Page 2 columnist
Before I unveil my plan to save NBA All-Star Saturday, we need to discuss the Slam Dunk Contest, which jumped the shark about 10 years ago. Watching the dunk contest these days is like watching Heather Locklear on "Spin City" -- it's old, it's tired, it looks like it's seen one too many dunks, and you can even see its roots a little bit.
Remember the days when the Dunk Contest was the greatest halftime event on the planet? Every year we looked forward to high-flying stars such as MJ, Dr. J and Clyde the Glide. We couldn't wait to see Shawn Kemp choke. We marveled at the artistry of anonymous bench guys such as Terence Stansbury, whose "Statue of Liberty" dunk deserves its own "SportsCentury and Beyond" special. We enjoyed seeing Dominique compete harder in the dunk contest than he ever competed during actual games. We enjoyed the goofy judges, former NBA stars and B-level celebs who weren't averse to fixing an occasional contest. Most of all, we enjoyed the dunks. There was something revolutionary about the whole thing in a "first season of 'Miami Vice' " kinda way.
My favorite part of the contest? Seeing NBA stars sitting in the stands, wearing $9,000 jogging suits and 30,000 pounds of jewelry, egging on their cohorts, putting their hands over their mouths after every dunk ("Dammmmnnn!") and sometimes jumping out of their seats in delight. This was the gift of comedy that kept on giving. Hell, even Patrick Ewing seemed to enjoy the dunk contest, and half the time we're not even sure he's alive.
Things started to turn after a Boston Celtic (Dee Brown) won the contest in 1991, which was definitely in the running for Eighth Sign of the Apocalypse at the time. The first strike happened when superstars such as MJ and 'Nique stopped entering the contest because they ran out of dunks. Then Ced Ceballos nailed that ridiculous "Blindfold" dunk, when we all knew he could see through the thing. Then Harold Miner won the title and called it the greatest moment of his life (as it turned out, he was right -- you can currently see Harold playing in the CBA for the Charlestown Colostomy Bags).
|Hell, even Patrick Ewing seemed to enjoy the dunk contest, and half the time we're not even sure he's alive.|
And then ... it happened.
A white guy won.
(Cancel the contest! Cancel the contest! A white guy has won! We have gone too far! Cancel the contest!)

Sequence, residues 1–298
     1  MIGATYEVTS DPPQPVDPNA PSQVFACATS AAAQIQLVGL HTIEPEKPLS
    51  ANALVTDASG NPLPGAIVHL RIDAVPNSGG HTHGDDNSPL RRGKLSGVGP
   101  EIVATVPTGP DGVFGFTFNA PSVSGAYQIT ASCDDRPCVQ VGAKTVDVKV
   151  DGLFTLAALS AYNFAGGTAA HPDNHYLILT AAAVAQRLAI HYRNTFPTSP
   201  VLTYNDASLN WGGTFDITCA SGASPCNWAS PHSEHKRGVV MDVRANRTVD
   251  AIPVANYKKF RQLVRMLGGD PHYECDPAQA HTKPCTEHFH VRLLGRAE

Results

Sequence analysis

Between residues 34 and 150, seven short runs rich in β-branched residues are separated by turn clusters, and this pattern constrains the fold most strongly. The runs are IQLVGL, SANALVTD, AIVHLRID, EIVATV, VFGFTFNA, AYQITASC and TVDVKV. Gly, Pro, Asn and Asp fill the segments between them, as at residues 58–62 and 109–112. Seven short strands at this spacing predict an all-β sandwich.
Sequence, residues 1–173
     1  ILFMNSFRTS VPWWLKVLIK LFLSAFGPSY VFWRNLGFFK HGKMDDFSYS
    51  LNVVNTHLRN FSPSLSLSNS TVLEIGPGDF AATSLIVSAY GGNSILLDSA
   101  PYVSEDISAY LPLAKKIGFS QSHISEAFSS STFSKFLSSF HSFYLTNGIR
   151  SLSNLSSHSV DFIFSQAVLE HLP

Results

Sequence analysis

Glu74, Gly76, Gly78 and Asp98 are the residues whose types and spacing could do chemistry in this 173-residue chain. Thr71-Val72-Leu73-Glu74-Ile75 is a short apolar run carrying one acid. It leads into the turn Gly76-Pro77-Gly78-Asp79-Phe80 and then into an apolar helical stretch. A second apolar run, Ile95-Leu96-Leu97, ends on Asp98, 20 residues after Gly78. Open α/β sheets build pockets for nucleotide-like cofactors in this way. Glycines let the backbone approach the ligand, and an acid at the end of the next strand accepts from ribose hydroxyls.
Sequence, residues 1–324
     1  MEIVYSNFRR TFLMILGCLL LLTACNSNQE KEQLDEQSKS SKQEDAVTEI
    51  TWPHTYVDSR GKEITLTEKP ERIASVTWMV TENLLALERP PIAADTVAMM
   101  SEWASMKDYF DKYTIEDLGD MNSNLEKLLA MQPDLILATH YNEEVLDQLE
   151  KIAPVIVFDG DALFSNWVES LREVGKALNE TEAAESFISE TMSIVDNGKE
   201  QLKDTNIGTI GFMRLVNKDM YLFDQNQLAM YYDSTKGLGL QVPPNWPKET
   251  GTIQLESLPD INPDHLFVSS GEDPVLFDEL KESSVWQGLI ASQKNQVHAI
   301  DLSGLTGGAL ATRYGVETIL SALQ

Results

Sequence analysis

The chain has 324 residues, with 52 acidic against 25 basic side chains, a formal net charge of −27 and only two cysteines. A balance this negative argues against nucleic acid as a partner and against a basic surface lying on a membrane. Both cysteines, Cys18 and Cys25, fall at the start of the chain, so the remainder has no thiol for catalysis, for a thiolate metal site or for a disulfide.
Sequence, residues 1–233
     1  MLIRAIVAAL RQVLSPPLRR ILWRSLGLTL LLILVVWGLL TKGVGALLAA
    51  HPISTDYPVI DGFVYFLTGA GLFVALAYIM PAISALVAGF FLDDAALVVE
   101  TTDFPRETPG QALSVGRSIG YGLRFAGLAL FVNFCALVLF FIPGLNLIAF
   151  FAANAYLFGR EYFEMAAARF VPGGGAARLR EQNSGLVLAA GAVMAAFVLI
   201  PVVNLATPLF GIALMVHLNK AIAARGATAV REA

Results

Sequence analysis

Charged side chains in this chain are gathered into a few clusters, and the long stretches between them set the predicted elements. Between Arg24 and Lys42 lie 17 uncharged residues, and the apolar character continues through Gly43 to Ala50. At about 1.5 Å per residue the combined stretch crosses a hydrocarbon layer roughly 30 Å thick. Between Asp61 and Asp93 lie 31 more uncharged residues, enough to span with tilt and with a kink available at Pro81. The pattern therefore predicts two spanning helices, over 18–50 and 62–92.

And so the NBA mercifully pulled the plug after the 1997 contest. It was time. Much like the Sports Illustrated swimsuit issue, we had seen pretty much everything we ever wanted to see that was within reason. You can spend your whole life hoping to see Kathy Ireland butt-naked, you can spend your whole life hoping to see somebody dunk from the top of the 3-point arc ... but it just ain't happening. And we know that now.
Of course, the NBA didn't give up. Unfortunately for basketball fans, the league had a replacement up its sleeves for 1998 ... something called "2-Ball." At the time, USA Today described the fledgling event this way: "The league has decided to discard the high-flying competition that was once the highlight of All-Star Saturday. It will be replaced by an event called 2-Ball that will team one NBA and one WNBA player from the same city in a shooting contest in which points are awarded for shots taken from different spots on the court. Bonus points will be given for spectators who try to kill themselves during the event."
OK, I made that last sentence up, but you get the idea. 2-Ball? 2-Ball? What were the other options? A layup contest? Sprints? Passing drills? And why was the WNBA suddenly involved? Initially, I was excited about 2-Ball in some sick way, if only because NBA stars who tend to show a complete and lack of respect for women off the court were suddenly being thrown into shooting contests with female players. I kept expecting scenarios like this: